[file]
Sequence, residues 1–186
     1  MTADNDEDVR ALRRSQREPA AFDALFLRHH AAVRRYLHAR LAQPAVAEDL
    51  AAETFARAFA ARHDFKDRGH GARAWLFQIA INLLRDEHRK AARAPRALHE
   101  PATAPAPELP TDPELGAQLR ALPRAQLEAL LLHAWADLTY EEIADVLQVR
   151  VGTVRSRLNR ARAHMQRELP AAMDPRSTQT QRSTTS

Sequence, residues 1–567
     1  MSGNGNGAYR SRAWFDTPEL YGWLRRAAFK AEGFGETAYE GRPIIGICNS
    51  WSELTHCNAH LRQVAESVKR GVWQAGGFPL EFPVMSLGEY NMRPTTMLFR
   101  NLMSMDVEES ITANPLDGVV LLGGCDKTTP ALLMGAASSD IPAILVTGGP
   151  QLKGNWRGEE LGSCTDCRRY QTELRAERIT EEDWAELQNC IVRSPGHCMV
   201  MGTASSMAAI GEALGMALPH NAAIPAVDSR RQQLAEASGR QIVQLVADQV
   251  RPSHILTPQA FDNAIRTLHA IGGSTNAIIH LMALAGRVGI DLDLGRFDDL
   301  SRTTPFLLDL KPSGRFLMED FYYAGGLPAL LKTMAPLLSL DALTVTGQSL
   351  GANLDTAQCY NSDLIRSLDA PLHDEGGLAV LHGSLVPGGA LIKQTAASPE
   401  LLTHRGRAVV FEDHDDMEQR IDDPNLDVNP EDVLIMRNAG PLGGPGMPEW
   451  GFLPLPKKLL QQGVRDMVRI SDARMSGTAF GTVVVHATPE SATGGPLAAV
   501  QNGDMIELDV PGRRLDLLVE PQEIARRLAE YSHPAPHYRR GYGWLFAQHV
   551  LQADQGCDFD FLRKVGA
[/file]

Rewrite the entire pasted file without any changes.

Sequence, residues 1–186
     1  MTADNDEDVR ALRRSQREPA AFDALFLRHH AAVRRYLHAR LAQPAVAEDL
    51  AAETFARAFA ARHDFKDRGH GARAWLFQIA INLLRDEHRK AARAPRALHE
   101  PATAPAPELP TDPELGAQLR ALPRAQLEAL LLHAWADLTY EEIADVLQVR
   151  VGTVRSRLNR ARAHMQRELP AAMDPRSTQT QRSTTS

Sequence, residues 1–567
     1  MSGNGNGAYR SRAWFDTPEL YGWLRRAAFK AEGFGETAYE GRPIIGICNS
    51  WSELTHCNAH LRQVAESVKR GVWQAGGFPL EFPVMSLGEY NMRPTTMLFR
   101  NLMSMDVEES ITANPLDGVV LLGGCDKTTP ALLMGAASSD IPAILVTGGP
   151  QLKGNWRGEE LGSCTDCRRY QTELRAERIT EEDWAELQNC IVRSPGHCMV
   201  MGTASSMAAI GEALGMALPH NAAIPAVDSR RQQLAEASGR QIVQLVADQV
   251  RPSHILTPQA FDNAIRTLHA IGGSTNAIIH LMALAGRVGI DLDLGRFDDL
   301  SRTTPFLLDL KPSGRFLMED FYYAGGLPAL LKTMAPLLSL DALTVTGQSL
   351  GANLDTAQCY NSDLIRSLDA PLHDEGGLAV LHGSLVPGGA LIKQTAASPE
   401  LLTHRGRAVV FEDHDDMEQR IDDPNLDVNP EDVLIMRNAG PLGGPGMPEW
   451  GFLPLPKKLL QQGVRDMVRI SDARMSGTAF GTVVVHATPE SATGGPLAAV
   501  QNGDMIELDV PGRRLDLLVE PQEIARRLAE YSHPAPHYRR GYGWLFAQHV
   551  LQADQGCDFD FLRKVGA